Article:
Rabbis Without Borders
Rabbis Without Borders is a dynamic forum for exploring contemporary issues in the Jewish world and beyond. Written by rabbis of different denominations, viewpoints, and parts of the country, Rabbis Without Borders is a project of Clal – The National Jewish Center for Learning and Leadership.
At that moment I felt utterly violated, encroached upon. I know that it sounds like I am exaggerating but I just felt polluted, sullied. On the one hand I wanted to run away, to just get out of there, and on the other hand I didn’t want to completely own my own emotions. I just sat there, trying to look and act and feel as if nothing happened, just like everyone else in the room was looking and acting as if nothing had happened. But something had happened, something that felt terrible. My inner spirit had been desecrated.
I asked myself if anyone else felt like I did. Was anyone else as disgusted and hurt as I was? No one appeared to be affected. But then again, on the outside, I also showed no outward signs of what was going on inside.
I had been spending a few days with a motley group of American rabbis of all the varied denominations. Many of them I know well; I have deep affection and respect for them. We were in the midst of a talent show; it was supposed to be fun, after a long day with our noses to the grindstone.
Then I heard it. She said it, and she said it again and again. The F word. And it was not only her. Others repeated the word during their performances. Emphatically. I was shocked. Everyone laughed at the jokes. They clapped, and they hooted. I couldn’t. I felt so alone, so different, so alienated. At that moment I was certain that I did not belong.
Forty years ago, back in high school, such speech was commonplace in my life. Now that I think about it, although I heard it all the time back then, rarely if ever did I myself talk like that. Even then it was just too coarse for me, too vile. Even then I intuited that such words were just too immodest for me.
Since then I have almost never heard those words. I live a cloistered life you could say. I spent 10 years studying in one of the finest yeshivot (yeshivas, or Talmudic academies) in the world. I certainly did not hear such language there. And since then I have been teaching Torah and studying it. I spend a good deal of my time in the study hall or in my study, in the library or in the synagogue.
There is no television in our home. I live in a small town in Israel where many of the people are like me. No one uses such language here. I had not realized the purity of my environment until now.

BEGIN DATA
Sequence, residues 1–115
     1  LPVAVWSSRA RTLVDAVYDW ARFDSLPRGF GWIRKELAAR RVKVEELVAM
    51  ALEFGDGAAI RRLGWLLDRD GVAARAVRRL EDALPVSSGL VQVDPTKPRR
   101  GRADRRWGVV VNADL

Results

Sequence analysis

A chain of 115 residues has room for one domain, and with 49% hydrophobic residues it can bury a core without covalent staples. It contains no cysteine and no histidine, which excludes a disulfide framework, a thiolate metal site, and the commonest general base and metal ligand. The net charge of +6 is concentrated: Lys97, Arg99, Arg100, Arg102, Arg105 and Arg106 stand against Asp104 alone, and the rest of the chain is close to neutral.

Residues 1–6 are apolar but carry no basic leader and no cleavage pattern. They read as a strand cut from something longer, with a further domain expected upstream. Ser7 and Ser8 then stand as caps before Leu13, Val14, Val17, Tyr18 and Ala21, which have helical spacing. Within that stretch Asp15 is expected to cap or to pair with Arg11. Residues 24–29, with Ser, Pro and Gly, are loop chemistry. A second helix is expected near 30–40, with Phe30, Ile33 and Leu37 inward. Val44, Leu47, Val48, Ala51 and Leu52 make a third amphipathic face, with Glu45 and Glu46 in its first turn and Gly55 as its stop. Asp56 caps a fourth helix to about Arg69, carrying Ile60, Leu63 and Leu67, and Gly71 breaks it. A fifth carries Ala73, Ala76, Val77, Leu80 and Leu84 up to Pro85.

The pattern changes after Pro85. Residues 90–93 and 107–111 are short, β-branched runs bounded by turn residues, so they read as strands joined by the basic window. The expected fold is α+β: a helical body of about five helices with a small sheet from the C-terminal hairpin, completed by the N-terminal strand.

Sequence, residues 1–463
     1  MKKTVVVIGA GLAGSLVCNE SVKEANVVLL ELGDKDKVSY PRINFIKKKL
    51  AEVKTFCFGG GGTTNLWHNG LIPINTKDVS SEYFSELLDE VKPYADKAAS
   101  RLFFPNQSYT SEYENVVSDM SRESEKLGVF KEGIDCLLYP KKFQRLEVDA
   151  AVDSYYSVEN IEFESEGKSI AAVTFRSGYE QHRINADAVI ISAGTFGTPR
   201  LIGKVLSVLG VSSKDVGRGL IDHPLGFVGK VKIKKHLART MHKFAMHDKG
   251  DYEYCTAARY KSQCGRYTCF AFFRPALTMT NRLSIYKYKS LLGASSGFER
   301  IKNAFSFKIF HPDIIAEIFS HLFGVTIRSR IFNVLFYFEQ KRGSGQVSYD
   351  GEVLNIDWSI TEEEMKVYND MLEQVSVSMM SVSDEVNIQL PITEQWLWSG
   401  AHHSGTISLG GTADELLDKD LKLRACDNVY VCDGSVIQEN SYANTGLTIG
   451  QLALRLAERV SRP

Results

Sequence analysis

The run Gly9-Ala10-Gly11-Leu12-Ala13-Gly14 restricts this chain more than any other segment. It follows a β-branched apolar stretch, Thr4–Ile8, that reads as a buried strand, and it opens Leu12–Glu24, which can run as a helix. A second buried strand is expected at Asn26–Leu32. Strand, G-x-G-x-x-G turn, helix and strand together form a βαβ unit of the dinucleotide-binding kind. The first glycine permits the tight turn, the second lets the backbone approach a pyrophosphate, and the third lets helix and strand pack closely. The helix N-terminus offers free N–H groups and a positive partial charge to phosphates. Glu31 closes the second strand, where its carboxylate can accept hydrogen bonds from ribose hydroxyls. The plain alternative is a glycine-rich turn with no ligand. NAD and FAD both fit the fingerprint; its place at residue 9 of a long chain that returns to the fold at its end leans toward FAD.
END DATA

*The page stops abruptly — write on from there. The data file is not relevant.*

One part of me says get over it. It’s only language, only words. There is nothing objectively problematic with vulgarity. It’s only a matter of social custom and what you are used to. Different subcultures speak differently. I shouldn’t expect my American rabbi friends, who have to be immersed in American pop culture in order to do their jobs of connecting to the people where they are at, to maintain the same standards of language as I do. “Stop trying to impose my Orthodox standards on my colleagues in the liberal denominations,” I say to myself.
But I can’t buy it. It is not called vulgarity for naught. There is something dirty about it. Even today, American culture recognizes certain expressions as unfit for polite company.
Our Jewish tradition is very concerned about “clean” language. It urges us to distance ourselves from “nibul peh,” from coarse language that dirties our mouths and blemishes our souls.
Rabbis who are out in the trenches may be forced to hear such language, but they need not adopt it. We have to behave according to a higher standard and serve as an example to ourselves, our families, and our congregants. If we don’t model holiness for them, who will?
The only other time since high school when I heard such a barrage of filthy language was about six months ago. Some new friends of mine took me to a comedy club. Four young secular American Muslim comedians were appearing. Everyone was laughing. I tried to laugh as well. I couldn’t. But what most struck me was this: One of the comedians saw me, a rabbi, seated in the first row. Standing on stage before his routine, he paused, looked at me, put his hand over his heart and said: “Rabbi, I am sorry for what you are about to hear. I know it’s not right”.
That really touched me. He knew there was something not right about the foul language he was about to use. Shouldn’t we rabbis know that as well?
Pronunced: TORE-uh, Origin: Hebrew, the Five Books of Moses.